THE WORLD'S LARGEST WEB DEVELOPER SITE

PHP Tutorial

PHP HOME PHP Intro PHP Install PHP Syntax PHP Comments PHP Variables PHP Echo / Print PHP Data Types PHP Strings PHP Numbers PHP Constants PHP Operators PHP If...Else...Elseif PHP Switch PHP While Loops PHP For Loops PHP Functions PHP Arrays PHP Sorting Arrays PHP Superglobals

PHP Forms

PHP Form Handling PHP Form Validation PHP Form Required PHP Form URL/E-mail PHP Form Complete

PHP Advanced

PHP Arrays Multi PHP Date and Time PHP Include PHP File Handling PHP File Open/Read PHP File Create/Write PHP File Upload PHP Cookies PHP Sessions PHP Filters PHP Filters Advanced

PHP OOP

PHP What is OOP PHP Classes/Objects PHP Constructor PHP Destructor PHP Access Modifiers PHP Inheritance PHP Constants PHP Abstract Classes PHP Traits PHP Static Methods

MySQL Database

MySQL Database MySQL Connect MySQL Create DB MySQL Create Table MySQL Insert Data MySQL Get Last ID MySQL Insert Multiple MySQL Prepared MySQL Select Data MySQL Delete Data MySQL Update Data MySQL Limit Data

PHP XML

PHP XML Parsers PHP SimpleXML Parser PHP SimpleXML - Get PHP XML Expat PHP XML DOM

PHP - AJAX

AJAX Intro AJAX PHP AJAX Database AJAX XML AJAX Live Search AJAX Poll

PHP Examples

PHP Examples PHP Quiz PHP Exercises PHP Certificate

PHP Reference

PHP Overview PHP Array PHP Calendar PHP Date PHP Directory PHP Error PHP Filesystem PHP Filter PHP FTP PHP Libxml PHP Mail PHP Math PHP Misc PHP MySQLi PHP Network PHP SimpleXML PHP Stream PHP String PHP XML Parser PHP Zip PHP Timezones

PHP Connect to MySQL


PHP 5 and later can work with a MySQL database using:

  • MySQLi extension (the "i" stands for improved)
  • PDO (PHP Data Objects)

Earlier versions of PHP used the MySQL extension. However, this extension was deprecated in 2012.


Should I Use MySQLi or PDO?

If you need a short answer, it would be "Whatever you like".

Both MySQLi and PDO have their advantages:

PDO will work on 12 different database systems, whereas MySQLi will only work with MySQL databases.

So, if you have to switch your project to use another database, PDO makes the process easy. You only have to change the connection string and a few queries. With MySQLi, you will need to rewrite the entire code - queries included.

Both are object-oriented, but MySQLi also offers a procedural API.

Both support Prepared Statements. Prepared Statements protect from SQL injection, and are very important for web application security.


MySQL Examples in Both MySQLi and PDO Syntax

In this, and in the following chapters we demonstrate three ways of working with PHP and MySQL:

  • MySQLi (object-oriented)
  • MySQLi (procedural)
  • PDO

MySQLi Installation

For Linux and Windows: The MySQLi extension is automatically installed in most cases, when php5 mysql package is installed.

For installation details, go to: http://php.net/manual/en/mysqli.installation.php


PDO Installation

For installation details, go to: http://php.net/manual/en/pdo.installation.php



Open a Connection to MySQL

Before we can access data in the MySQL database, we need to be able to connect to the server:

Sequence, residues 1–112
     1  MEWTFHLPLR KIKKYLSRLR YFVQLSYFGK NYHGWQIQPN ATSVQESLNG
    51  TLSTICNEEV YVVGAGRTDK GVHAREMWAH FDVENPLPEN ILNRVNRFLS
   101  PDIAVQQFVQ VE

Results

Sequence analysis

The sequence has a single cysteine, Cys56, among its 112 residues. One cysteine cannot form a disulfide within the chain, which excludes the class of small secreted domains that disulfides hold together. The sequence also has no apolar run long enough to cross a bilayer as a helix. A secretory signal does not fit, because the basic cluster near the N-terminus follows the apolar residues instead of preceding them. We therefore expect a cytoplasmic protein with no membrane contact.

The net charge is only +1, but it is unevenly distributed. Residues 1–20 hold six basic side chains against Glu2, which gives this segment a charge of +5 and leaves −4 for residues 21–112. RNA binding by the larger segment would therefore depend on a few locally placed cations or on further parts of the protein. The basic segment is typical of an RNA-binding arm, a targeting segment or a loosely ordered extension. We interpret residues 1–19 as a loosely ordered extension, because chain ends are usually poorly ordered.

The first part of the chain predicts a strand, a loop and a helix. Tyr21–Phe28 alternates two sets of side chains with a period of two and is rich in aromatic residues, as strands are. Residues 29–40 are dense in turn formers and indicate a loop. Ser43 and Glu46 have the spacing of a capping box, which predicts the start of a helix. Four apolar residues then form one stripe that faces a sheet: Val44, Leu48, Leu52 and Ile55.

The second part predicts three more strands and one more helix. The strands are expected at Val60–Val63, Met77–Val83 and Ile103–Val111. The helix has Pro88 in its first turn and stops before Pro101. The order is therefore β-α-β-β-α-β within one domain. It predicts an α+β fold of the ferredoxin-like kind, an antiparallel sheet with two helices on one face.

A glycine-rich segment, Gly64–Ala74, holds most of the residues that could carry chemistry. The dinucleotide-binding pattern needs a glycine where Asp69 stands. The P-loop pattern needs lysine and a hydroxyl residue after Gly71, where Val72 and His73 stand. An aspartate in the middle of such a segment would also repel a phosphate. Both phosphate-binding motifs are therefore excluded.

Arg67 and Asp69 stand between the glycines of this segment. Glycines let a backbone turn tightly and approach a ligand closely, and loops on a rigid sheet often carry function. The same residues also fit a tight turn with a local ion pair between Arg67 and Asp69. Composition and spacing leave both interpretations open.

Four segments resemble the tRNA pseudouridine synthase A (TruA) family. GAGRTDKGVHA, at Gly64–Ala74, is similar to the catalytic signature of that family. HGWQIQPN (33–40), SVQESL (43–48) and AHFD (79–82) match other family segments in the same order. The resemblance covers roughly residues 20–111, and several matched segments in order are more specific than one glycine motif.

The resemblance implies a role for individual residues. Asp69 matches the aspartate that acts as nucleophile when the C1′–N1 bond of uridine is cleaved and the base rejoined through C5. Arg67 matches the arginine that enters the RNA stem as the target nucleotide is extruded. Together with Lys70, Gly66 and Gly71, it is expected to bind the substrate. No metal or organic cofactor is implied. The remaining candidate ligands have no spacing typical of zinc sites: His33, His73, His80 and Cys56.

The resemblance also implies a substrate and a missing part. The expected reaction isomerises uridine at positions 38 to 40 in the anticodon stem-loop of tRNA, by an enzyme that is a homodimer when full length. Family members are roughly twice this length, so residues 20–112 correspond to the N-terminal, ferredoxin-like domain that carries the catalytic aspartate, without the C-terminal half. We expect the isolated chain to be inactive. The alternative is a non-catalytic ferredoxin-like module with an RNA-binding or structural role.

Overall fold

Example (MySQLi Object-Oriented)

<?php
$servername = "localhost";
$username = "username";
$password = "password";

// Create connection
$conn = new mysqli($servername, $username, $password);

// Check connection
if ($conn->connect_error) {
    die("Connection failed: " . $conn->connect_error);
}
echo "Connected successfully";
?>

Note on the object-oriented example above:

$connect_error was broken until PHP 5.2.9 and 5.3.0. If you need to ensure compatibility with PHP versions prior to 5.2.9 and 5.3.0, use the following code instead:

// Check connection
if (mysqli_connect_error()) {
    die("Database connection failed: " . mysqli_connect_error());
}

Example (MySQLi Procedural)

<?php
$servername = "localhost";
$username = "username";
$password = "password";

// Create connection
$conn = mysqli_connect($servername, $username, $password);

// Check connection
if (!$conn) {
    die("Connection failed: " . mysqli_connect_error());
}
echo "Connected successfully";
?>

Example (PDO)

<?php
$servername = "localhost";
$username = "username";
$password = "password";

try {
    $conn = new PDO("mysql:host=$servername;dbname=myDB", $username, $password);
    // set the PDO error mode to exception
    $conn->setAttribute(PDO::ATTR_ERRMODE, PDO::ERRMODE_EXCEPTION);
    echo "Connected successfully";
    }
catch(PDOException $e)
    {
    echo "Connection failed: " . $e->getMessage();
    }
?>

Note: In the PDO example above we have also specified a database (myDB). PDO require a valid database to connect to. If no database is specified, an exception is thrown.

Tip: A great benefit of PDO is that it has an exception class to handle any problems that may occur in our database queries. If an exception is thrown within the try{ } block, the script stops executing and flows directly to the first catch(){ } block.


Close the Connection

The connection will be closed automatically when the script ends. To close the connection before, use the following:

MySQLi Object-Oriented:

$conn->close();

MySQLi Procedural:

mysqli_close($conn);

PDO:

$conn = null;